Employment loss is another consequence of buying sex that has occurred in the city.  For example, in February, 2023, a driver that was scheduled to be a part of an event of the Toughest Monster Truck Tour was arrested in Ohio on charges of engaging in criminal prostitution, compelling prostitution, possessing criminal tools, and attempting to commit a crime. Authorities said the man had responded to an online ad offering sex with a minor. When he arrived at the designated location, he was taken into custody. A spokesperson for the event said that the arrested man would not be allowed to drive at his next scheduled event as the result of his arrest. The corporate headquarters of the tour is in Chicago.

Chicago John Schools

There have been two john schools that have operated in Chicago.  The first was operated by Genesis House from 1999 to 2005, in collaboration with the Chicago Coalition for the Homeless and the Chicago Police Department.  It was discontinued when Genesis House was dissolved.  A new program was soon initiated to fill the void, in September 2006, and is still operating.  This second Chicago john school is called the Amend Program.  It is operated by the Christian Community Health Center.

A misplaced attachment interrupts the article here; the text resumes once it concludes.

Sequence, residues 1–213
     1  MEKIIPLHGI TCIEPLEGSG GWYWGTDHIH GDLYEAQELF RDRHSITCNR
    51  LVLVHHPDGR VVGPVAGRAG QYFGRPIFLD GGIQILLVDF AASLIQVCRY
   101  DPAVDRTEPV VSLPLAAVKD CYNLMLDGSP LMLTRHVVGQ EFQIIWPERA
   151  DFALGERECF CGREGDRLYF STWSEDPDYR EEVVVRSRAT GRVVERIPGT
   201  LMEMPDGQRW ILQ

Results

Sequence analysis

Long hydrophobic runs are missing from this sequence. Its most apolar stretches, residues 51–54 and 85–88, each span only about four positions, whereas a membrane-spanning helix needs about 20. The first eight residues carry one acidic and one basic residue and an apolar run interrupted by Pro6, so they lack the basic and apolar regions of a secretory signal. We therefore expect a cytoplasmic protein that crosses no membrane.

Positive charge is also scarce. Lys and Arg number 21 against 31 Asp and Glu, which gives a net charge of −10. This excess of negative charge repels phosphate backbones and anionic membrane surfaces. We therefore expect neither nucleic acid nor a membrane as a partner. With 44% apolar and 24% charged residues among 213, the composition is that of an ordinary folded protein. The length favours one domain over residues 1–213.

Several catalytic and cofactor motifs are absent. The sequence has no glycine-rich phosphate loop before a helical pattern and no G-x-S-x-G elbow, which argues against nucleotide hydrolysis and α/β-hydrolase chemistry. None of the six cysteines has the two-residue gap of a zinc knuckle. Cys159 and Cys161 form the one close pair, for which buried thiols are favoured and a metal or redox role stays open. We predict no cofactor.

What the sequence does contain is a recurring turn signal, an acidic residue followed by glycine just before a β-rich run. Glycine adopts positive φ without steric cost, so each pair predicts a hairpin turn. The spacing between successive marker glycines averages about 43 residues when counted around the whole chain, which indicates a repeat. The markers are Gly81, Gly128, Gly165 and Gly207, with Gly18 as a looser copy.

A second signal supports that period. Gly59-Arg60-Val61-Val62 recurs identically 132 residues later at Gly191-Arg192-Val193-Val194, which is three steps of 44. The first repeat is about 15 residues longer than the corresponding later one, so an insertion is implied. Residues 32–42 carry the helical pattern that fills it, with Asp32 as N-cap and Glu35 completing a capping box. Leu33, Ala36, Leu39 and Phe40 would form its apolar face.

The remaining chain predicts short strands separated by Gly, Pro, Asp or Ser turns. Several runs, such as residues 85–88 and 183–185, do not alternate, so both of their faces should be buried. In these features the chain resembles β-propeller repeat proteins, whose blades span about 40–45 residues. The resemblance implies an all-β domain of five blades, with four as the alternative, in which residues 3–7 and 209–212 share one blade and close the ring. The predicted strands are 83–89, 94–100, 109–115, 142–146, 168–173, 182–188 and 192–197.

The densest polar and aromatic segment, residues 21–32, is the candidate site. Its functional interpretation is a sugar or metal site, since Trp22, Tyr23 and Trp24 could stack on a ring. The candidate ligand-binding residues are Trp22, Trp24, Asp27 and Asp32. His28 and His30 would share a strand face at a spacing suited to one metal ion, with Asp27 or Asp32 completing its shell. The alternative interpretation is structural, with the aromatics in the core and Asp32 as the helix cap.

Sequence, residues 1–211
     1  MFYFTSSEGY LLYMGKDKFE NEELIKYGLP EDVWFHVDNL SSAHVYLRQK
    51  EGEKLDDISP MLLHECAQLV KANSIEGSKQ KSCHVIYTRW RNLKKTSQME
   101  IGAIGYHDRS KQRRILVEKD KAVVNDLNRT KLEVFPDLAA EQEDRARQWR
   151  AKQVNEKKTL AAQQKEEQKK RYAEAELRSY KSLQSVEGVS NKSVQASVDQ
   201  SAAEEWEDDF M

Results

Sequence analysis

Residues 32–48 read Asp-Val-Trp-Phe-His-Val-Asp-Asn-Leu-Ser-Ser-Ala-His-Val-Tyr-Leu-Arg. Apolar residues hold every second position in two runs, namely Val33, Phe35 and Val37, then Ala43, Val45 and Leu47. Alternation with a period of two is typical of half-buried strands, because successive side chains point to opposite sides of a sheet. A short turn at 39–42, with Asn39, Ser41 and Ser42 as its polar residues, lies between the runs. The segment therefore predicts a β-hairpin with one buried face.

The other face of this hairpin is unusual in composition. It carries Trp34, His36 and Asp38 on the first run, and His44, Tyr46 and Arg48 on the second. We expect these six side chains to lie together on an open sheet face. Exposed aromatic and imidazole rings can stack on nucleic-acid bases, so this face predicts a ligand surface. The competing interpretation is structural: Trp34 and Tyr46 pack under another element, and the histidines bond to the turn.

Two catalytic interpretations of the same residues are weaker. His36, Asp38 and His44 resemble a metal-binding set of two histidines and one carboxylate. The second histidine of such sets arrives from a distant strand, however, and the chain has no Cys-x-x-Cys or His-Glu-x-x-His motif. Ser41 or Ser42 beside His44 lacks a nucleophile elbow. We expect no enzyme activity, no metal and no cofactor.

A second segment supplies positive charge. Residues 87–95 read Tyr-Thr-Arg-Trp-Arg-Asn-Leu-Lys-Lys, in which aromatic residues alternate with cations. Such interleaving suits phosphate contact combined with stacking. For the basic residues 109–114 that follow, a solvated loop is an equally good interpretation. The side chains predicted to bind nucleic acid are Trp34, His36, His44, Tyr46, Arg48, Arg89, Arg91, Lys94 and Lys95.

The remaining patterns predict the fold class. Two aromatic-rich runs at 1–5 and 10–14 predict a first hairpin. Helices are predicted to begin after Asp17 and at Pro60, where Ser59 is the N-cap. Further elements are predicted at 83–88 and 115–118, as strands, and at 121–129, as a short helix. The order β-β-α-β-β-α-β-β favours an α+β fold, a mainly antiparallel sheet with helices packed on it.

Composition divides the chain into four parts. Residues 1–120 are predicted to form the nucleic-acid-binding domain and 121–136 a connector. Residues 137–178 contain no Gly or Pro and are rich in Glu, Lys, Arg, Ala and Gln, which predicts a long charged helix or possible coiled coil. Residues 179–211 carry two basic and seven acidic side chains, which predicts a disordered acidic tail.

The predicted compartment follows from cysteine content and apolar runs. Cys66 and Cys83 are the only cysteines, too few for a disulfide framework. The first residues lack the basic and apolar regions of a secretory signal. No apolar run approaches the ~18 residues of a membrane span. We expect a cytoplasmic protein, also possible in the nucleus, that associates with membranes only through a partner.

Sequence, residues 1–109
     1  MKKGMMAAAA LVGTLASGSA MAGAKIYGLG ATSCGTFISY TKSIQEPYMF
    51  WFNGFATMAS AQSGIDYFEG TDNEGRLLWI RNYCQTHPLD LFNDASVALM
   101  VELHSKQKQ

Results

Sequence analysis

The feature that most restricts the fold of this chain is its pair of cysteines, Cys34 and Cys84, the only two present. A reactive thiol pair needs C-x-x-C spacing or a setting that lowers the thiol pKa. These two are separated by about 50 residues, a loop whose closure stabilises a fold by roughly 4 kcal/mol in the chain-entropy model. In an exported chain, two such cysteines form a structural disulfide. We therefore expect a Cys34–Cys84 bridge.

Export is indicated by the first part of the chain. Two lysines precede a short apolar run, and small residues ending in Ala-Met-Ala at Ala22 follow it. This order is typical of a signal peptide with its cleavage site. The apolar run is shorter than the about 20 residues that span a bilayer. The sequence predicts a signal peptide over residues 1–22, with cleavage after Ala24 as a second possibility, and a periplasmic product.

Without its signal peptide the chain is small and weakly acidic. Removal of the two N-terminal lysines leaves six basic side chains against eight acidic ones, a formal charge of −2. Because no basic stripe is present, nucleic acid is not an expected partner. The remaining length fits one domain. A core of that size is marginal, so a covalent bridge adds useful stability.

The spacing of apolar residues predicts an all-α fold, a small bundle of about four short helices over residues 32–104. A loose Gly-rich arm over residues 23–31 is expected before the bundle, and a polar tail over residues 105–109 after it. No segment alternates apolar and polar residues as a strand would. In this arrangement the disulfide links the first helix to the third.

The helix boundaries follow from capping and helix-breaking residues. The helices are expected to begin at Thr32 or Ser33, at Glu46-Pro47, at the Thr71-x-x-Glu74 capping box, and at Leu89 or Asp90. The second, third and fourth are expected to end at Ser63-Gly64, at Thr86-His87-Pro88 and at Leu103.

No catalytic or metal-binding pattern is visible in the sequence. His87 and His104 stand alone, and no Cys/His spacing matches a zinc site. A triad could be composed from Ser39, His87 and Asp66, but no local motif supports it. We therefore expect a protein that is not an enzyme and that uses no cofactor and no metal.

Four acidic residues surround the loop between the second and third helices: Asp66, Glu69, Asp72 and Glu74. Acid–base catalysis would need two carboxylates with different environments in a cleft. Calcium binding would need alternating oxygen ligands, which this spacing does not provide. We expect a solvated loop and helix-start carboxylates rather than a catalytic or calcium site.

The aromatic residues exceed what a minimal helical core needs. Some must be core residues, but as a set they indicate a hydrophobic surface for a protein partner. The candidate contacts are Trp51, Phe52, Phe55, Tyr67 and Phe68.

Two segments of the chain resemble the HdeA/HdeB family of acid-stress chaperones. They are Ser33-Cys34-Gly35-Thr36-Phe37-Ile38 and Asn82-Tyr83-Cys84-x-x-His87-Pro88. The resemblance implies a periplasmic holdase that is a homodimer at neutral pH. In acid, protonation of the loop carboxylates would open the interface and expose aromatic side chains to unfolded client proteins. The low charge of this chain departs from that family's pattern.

The Amend Program was modeled after the First Offender Prostitution Program (FOPP) in San Francisco.  It is a one-day, 8-hour class that addresses health risks, legal consequences, community impact, sex addiction, domestic violence, and presentations by survivors of commercial sex about their negative experiences and the trauma that resulted.  Men arrested in reverse stings that are eligible are offered the opportunity to purse the program.  They pay a fee on a sliding scale, from $100 to $500, and take the class.  Meeting these conditions results in dismissal of charges.

For a general overview of john schools, click here.

Key Sources

National Assessment Survey, Interviews, and Site Visit (2012)

Reverse Stings:

Web-Based Reverse Stings:

Auto Seizure:

Identity Disclosure:

Employment Loss:

Sex Trafficking and Child Sexual Exploitation in the Area:

Background on Prostitution in the Area:

Documented Violence Against Individuals Engaged in Prostitution in the Area:

State Illinois
Type City
Population 2697000
Comments are closed.